Intracellular ROS levels were measured using a ROS-sensitive fluorescence indicator, 2′,7′-dichlorofluorescein diacetate (DCFH-DA; Sigma-Aldrich). HeLa cells (1 × 105 cells/well) were seeded in a 96-black well culture plate and treated with resveratrol and pterostilbene (20 and 40 μM) for 48 h. The cells were then incubated with 10 μM of DCFH-DA for 20 min and washed with PBS. The fluorescence intensity of DCF was detected using a multimode microplate reader (Biotek, Inc., Winooski, VT, USA) at the excitation and emission wavelengths of 495 and 529 nm, respectively. The fluorescent images were also acquired using an Optinity KI-2000F fluorescence microscope (Korea Lab Tech, Seong Nam, Korea).
4.10. Western Blot Analysis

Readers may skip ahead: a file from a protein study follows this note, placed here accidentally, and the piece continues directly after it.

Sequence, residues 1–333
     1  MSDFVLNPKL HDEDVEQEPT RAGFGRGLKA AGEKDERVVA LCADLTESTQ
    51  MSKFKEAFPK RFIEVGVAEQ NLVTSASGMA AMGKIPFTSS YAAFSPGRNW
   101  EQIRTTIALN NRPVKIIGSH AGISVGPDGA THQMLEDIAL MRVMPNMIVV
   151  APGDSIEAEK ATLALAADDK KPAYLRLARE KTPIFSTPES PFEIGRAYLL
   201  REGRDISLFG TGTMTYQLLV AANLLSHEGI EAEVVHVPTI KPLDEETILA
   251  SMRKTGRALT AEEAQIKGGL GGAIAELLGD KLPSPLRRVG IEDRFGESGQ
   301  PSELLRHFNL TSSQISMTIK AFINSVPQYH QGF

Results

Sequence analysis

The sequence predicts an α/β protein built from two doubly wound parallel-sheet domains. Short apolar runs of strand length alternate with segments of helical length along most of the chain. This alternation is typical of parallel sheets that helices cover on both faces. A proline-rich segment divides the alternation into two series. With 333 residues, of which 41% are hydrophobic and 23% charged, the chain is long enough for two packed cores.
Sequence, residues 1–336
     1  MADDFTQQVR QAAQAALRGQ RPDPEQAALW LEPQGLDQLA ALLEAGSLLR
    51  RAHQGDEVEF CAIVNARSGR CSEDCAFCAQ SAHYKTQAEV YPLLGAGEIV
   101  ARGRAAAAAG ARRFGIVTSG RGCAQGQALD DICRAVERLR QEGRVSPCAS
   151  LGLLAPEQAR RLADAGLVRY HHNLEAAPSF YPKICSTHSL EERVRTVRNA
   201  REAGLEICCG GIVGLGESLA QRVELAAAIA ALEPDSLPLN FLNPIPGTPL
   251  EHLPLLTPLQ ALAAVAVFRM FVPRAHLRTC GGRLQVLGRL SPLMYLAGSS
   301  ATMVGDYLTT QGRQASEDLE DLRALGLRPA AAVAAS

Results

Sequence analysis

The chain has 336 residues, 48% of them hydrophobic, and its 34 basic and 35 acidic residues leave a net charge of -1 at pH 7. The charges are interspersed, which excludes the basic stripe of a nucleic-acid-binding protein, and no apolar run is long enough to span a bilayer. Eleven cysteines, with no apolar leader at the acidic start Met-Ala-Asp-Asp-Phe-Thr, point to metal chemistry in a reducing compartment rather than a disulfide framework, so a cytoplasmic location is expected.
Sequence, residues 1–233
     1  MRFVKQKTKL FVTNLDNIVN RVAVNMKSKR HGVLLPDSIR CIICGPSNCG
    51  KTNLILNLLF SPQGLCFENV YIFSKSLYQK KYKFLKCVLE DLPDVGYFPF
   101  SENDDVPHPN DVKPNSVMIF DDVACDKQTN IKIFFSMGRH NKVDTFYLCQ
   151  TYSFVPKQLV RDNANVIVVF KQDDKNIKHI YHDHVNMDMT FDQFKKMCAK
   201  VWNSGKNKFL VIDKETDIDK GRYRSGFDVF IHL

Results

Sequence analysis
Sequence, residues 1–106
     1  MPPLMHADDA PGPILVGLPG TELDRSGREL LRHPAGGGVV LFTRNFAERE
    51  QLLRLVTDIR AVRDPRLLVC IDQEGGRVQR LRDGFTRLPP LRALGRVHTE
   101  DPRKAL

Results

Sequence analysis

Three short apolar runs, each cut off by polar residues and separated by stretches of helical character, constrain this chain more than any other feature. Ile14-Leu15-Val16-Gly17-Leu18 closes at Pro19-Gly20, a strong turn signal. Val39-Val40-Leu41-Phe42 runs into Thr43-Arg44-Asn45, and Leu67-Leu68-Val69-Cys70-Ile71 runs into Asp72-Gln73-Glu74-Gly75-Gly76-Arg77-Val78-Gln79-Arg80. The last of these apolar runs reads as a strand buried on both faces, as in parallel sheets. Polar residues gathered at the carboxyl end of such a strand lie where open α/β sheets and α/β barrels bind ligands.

Cells were lysed using RIPA buffer (Sigma-Aldrich) supplemented with a protease inhibitor cocktail (Roche Diagnostics, Mannheim, Germany) on ice. Protein concentrations of the extracts were determined using a BCA Protein Assay kit (Pierce; Thermo Fisher Scientific, Inc., Waltham, MA, USA). Equal amounts of cell lysate were separated by 10% sodium dodecyl sulfate-polyacrylamide gel electrophoresis (SDS-PAGE), and the separated proteins were transferred to polyvinylidene difluoride (PVDF) membranes (EMD Millipore) using standard electroblotting procedures. The blots were blocked in Tris-buffered saline with Tween-20 (TBST) containing 5% skim milk at room temperature for 1 h and immunolabeled with primary antibodies against p21, p53, MMP-2, MMP-9, Bcl-2, Bcl-XL, cleaved caspase-3, cleaved caspase-9, cyclin E1, cyclin B1, STAT3, phospho-STAT3, Sox2, Oct4, Nanog, CD133 (dilution 1:2000), and β-actin (dilution 1:10000) overnight at 4 °C. After washing with TBST three times, the membranes were incubated with horseradish peroxidase-conjugated anti-rabbit or anti-mouse (dilution 1:3000) secondary antibody for 1 h at room temperature. Immunolabeling was detected with an enhanced chemiluminescence (ECL) kit (Bio-Rad Laboratories, Inc., Hercules, CA, USA) according to the manufacturer’s instructions. The band density was analyzed using ImageJ software (version 1.5; NIH).